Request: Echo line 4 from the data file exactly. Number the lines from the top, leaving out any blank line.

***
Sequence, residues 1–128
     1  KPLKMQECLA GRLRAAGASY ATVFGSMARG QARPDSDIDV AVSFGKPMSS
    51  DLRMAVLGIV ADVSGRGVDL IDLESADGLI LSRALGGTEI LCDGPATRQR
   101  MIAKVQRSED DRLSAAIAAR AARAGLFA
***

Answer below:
   101  MIAKVQRSED DRLSAAIAAR AARAGLFA